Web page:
We will not relinquish power because of a slogan-chanting crowd. Being in power is not a blessing. It is a curse. It’s a very heavy responsibility.Egyptian Maj. Gen. Mukhtar el-Mallah • Emphasizing that the Egyptian military has no plans to relinquish power before the elections take place. Another general noted that, despite the recent unrest, the military had no plan’s to delay Tuesday’s parliamentary elections: “We will not delay elections. This is the final word,” said Gen. Mamdouh Shaheen, who, along with el-Mallah, is a member of member of the ruling military council. source (via • follow)
» Showing off at cleaning house: Going thousands strong, it’s easy enough to see that the Egypt’s ruling military council would want a means of positive P.R. to quell a protest movement (as well as less activist sections of the public) that’s clamoring for purges of Mubarak-connected officials. What effect this decision will actually have in the day-to-day matters of policing within Egypt is too hard to say right now, but that the military is taking any sort of giving posture speaks to the strength and legitimacy of continuing protests in Tahrir Square.
What happened late Friday was the result of unintentional confrontations between the military police and the youth of the revolution. … [We] did not and will not issue orders to attack the youth, and all measures will be taken to ensure this will not happen again.Egypt’s Supreme Council of the Armed Forces • Apologizing for a spate of attacks against protesters at Tahrir Square last night. The army, who claims that they did not order these confrontations, nonetheless is facing the spectre of new protests today from those angry about the army’s use of force. A number of protesters were also detained in Friday’s confrontations; the number bandied about has been somewhere around 20. source (via • follow)
Let the military take over and protect you and Egypt. … We have confirmed reports that there are radical elements heading to cause internal strife. They have balls of fire and they want to start fire in the Tahrir (Liberation) Square.A quote from Egyptian state television • Calling the protesters out at Tahrir Square “radicals.” The phrasing suggests that the tactic used against Egyptian protesters today (involving a bunch of pro-Mubarak supporters attacking the protesters that have been out all week, with the military standing idly by) was a ploy designed to give the military leverage over the situation. “The military’s refusal to act is a highly political act which shows that it is allowing the Egyptian regime to reconstitute itself at the top and is highly, utterly against the protesters,” says Kent State professor Joshua Stacher, who happens to be an expert on Egypt. The military is powerful; did they use that power to screw over the Egyptians? source (via • follow)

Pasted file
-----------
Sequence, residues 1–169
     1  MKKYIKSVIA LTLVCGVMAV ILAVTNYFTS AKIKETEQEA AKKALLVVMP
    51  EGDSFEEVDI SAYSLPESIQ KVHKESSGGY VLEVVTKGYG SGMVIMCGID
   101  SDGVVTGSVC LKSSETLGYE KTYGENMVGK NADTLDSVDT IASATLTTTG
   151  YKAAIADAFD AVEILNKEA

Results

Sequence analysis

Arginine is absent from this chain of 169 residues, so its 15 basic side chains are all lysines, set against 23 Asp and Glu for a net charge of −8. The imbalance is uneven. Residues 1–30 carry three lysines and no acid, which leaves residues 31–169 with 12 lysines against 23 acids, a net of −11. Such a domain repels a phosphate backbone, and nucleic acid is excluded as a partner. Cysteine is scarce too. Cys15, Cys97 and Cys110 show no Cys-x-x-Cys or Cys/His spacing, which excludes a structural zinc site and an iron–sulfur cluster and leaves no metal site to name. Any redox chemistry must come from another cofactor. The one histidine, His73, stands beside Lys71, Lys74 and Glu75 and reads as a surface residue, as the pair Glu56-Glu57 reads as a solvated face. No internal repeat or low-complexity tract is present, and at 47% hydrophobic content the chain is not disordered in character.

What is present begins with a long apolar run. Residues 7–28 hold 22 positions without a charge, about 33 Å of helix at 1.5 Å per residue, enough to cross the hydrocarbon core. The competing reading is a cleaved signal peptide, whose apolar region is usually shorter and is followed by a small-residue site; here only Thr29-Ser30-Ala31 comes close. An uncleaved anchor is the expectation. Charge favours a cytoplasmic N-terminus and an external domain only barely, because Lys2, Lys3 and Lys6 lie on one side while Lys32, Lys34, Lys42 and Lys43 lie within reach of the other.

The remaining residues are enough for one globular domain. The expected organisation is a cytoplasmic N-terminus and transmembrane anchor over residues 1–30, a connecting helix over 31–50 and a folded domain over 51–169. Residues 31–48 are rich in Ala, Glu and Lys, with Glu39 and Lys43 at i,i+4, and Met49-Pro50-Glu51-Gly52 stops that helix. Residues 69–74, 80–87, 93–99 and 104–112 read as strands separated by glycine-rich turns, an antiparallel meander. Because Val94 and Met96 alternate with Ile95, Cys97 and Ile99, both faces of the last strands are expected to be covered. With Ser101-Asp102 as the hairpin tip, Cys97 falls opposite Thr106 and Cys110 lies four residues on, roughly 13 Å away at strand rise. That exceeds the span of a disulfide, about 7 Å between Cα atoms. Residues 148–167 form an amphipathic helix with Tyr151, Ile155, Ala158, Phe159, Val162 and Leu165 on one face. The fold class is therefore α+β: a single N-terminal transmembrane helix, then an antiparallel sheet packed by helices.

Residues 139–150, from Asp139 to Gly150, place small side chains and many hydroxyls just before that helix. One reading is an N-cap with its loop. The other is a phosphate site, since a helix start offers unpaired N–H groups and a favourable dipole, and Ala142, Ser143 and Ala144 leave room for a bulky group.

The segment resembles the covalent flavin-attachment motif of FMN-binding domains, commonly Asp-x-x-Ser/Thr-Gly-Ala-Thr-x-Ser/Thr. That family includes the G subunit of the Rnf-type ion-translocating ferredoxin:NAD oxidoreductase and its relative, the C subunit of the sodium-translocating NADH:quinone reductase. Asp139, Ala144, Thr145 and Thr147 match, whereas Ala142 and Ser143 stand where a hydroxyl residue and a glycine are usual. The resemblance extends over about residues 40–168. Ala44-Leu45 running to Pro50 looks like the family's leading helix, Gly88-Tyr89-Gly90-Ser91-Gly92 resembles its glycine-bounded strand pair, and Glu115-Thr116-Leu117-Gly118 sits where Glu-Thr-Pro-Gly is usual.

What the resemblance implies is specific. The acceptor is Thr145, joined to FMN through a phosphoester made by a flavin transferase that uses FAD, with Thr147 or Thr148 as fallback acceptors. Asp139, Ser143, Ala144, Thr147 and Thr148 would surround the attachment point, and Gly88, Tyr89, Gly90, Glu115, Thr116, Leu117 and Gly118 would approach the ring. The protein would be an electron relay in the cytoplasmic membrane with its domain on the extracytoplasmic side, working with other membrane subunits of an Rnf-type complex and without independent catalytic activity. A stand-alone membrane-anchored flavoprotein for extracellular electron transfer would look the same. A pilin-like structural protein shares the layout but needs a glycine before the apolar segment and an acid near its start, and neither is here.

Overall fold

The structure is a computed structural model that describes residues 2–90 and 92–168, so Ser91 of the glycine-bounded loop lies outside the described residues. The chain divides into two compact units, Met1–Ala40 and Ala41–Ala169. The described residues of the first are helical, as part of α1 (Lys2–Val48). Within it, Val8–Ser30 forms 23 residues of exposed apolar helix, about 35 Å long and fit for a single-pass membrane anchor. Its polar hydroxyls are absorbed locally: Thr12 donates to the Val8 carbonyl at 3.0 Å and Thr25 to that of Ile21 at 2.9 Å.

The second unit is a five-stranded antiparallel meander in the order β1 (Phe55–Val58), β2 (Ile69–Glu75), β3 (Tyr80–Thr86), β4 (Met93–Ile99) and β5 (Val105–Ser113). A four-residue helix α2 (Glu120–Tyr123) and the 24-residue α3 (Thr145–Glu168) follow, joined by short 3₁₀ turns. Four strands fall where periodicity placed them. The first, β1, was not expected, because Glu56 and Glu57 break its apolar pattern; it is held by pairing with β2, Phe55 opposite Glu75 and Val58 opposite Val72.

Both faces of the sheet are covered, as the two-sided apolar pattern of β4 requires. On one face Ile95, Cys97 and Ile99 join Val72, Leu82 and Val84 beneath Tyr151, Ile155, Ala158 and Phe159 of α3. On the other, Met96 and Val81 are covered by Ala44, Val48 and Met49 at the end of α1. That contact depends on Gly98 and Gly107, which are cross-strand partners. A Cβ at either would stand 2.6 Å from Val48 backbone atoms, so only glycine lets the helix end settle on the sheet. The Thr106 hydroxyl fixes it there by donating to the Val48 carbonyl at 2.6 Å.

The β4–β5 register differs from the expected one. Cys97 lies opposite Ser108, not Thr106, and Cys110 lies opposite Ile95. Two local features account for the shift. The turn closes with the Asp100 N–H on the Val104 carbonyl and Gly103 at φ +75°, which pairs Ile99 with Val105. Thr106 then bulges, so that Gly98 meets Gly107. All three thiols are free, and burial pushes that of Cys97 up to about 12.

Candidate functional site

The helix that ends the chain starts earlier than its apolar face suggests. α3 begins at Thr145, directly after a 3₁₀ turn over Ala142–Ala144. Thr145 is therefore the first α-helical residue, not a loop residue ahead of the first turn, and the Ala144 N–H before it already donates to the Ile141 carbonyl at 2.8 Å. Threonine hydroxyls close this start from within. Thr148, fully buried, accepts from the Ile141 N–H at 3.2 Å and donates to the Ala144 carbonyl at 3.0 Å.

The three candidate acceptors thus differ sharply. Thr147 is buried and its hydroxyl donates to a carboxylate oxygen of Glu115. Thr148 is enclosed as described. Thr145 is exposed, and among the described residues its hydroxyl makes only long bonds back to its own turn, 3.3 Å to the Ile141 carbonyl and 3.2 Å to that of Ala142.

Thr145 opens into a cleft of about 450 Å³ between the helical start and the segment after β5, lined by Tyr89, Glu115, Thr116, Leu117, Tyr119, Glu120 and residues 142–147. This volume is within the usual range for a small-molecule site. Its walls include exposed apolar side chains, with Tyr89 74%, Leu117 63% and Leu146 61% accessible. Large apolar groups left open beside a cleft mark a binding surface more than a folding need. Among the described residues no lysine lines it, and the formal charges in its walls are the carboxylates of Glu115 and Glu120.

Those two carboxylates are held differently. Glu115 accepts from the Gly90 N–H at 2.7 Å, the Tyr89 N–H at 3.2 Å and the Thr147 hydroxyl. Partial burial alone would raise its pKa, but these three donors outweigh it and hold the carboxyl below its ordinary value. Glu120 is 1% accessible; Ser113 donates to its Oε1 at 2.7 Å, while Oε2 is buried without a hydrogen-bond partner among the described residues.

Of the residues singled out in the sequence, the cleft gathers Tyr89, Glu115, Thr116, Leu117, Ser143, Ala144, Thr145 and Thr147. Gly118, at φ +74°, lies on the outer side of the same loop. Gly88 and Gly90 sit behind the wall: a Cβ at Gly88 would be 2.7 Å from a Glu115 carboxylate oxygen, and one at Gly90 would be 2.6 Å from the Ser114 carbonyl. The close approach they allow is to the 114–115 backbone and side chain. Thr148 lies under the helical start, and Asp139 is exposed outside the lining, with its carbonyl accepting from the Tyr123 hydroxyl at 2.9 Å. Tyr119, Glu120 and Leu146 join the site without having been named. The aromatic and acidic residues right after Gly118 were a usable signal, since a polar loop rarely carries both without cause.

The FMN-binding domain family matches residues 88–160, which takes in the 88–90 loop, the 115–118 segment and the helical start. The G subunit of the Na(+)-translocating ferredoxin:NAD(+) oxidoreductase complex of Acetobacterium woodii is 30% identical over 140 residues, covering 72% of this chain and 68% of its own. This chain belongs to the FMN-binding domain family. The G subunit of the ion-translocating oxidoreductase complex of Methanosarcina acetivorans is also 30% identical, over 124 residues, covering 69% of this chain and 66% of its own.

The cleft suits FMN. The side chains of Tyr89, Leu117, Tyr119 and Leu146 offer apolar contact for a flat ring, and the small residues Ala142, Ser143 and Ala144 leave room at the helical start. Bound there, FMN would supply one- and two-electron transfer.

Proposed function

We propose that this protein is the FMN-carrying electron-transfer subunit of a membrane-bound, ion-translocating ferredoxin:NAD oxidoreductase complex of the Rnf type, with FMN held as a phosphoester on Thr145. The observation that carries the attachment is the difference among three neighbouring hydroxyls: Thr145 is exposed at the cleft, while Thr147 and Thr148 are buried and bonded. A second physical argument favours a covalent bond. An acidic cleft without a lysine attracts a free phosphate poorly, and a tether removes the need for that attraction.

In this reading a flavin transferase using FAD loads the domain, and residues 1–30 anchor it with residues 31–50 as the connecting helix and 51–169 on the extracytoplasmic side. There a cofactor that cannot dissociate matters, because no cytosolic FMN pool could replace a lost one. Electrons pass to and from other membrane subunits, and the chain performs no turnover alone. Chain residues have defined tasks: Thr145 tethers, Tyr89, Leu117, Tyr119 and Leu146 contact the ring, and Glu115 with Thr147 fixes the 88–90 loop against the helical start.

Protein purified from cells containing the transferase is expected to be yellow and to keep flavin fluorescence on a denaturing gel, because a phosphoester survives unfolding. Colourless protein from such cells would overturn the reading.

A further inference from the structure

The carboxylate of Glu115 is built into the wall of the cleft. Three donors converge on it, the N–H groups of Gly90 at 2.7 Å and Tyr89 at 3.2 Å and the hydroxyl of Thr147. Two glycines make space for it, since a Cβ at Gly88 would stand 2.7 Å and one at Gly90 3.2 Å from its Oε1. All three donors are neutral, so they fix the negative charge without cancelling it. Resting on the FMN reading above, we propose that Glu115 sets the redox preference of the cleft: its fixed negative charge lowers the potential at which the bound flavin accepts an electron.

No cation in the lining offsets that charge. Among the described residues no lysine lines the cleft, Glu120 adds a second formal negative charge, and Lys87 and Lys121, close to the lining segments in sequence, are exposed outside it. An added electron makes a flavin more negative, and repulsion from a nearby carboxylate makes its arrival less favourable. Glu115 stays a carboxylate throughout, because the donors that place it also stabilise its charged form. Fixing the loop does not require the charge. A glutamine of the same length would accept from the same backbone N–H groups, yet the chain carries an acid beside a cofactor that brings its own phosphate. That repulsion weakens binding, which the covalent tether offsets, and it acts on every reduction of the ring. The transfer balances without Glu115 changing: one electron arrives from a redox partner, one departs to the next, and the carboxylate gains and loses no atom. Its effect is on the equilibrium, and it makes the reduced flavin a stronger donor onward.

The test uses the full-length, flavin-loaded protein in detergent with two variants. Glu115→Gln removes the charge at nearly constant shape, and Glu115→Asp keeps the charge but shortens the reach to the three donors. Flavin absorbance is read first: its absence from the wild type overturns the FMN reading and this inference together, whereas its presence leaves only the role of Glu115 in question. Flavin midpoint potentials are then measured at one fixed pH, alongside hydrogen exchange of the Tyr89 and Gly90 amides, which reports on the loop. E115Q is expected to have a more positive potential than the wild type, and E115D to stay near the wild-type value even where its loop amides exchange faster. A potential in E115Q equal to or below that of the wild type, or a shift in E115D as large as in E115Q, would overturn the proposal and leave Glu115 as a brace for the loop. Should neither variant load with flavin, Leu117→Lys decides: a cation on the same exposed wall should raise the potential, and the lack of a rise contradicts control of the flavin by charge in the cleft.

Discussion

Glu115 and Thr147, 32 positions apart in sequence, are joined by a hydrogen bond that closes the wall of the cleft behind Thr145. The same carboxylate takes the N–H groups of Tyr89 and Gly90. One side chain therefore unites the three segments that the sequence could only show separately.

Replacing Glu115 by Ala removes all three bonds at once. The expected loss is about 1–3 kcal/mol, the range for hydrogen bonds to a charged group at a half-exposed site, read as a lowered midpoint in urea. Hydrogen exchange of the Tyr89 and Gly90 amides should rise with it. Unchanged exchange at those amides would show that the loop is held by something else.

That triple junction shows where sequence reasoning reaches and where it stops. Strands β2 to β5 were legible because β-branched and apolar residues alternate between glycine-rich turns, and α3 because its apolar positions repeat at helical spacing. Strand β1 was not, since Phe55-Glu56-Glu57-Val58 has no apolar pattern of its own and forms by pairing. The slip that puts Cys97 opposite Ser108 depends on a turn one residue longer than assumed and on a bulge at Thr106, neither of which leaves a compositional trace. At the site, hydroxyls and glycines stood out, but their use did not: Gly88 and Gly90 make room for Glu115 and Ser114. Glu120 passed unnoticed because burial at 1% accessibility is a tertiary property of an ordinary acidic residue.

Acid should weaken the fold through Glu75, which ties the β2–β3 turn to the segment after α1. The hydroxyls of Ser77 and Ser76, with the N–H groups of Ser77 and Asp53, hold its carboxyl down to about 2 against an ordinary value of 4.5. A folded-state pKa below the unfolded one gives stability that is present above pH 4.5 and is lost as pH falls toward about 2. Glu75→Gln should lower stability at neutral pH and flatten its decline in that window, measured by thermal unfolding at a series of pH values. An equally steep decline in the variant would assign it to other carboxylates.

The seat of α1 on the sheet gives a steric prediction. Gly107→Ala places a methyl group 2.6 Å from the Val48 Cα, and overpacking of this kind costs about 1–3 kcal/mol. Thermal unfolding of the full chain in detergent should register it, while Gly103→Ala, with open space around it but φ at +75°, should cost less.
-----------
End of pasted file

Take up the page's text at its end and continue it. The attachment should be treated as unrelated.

So far, the Egyptian military have handled themselves exceptionally well. You can see that just from the pictures that have been displayed, in terms of how they have been accepted by their people.Adm. Mike Mullen • Giving the kind of unguarded praise towards something in Egypt that we haven’t really seen lately from the Obama administration. But here’s some praise for the Egyptian military from the Chairman of the Joint Chiefs of Staff, via a podcast. Don’t hide it in code, Obama administration. Say what you mean. source (via • follow)
Although preparations I believe are being made by the top brass for a – in quotes – ‘respectable stepping down’ or ‘stepping aside’ of Mr. Mubarak, the military are aware that… this is a time for change. But I think they are also trying to protect themselves, and want to be very much part of the transition process.Chatham House Middle East and North Africa specialist Maha Azzam • Discussing the military’s role in the Egyptian protests. While Hosni Mubarak holds onto power, it’s a very tenuous hold and one that could completely fall apart in the days to come, and the country’s powerful military is in a position best-suited to ensure the kind of leader that they want. Azzam also notes that while the lower rungs of the military appear to support the protesters, it’s not that way throughout the power structure. “In the upper echelons of the military,” he says, “we’re seeing continued support for the regime.” source (via • follow)
Cairo neighborhoods are being policed by local residents wielding kitchen knives and hunting rifles, after the military called for civilians to protect their own property.A recent update from al-Jazeera’s live blog • Which we really have nothing to add to, other than to hope that these residents stay safe this evening in the wake of great danger. source (via • follow)
Leave Hosni, you, your son and your corrupted party!Graffiti left on a tank by protesters in Egypt • And a phrase that says it all, really. According to the NYT, protesters did this without any interference from soldiers. “This is the revolution of all the people,” said another tank. Why so chummy? Well, every male in Egypt has to serve in the military at some point, which appears to be taking some of the edge off between military and protesters. Interesting. source (via • follow)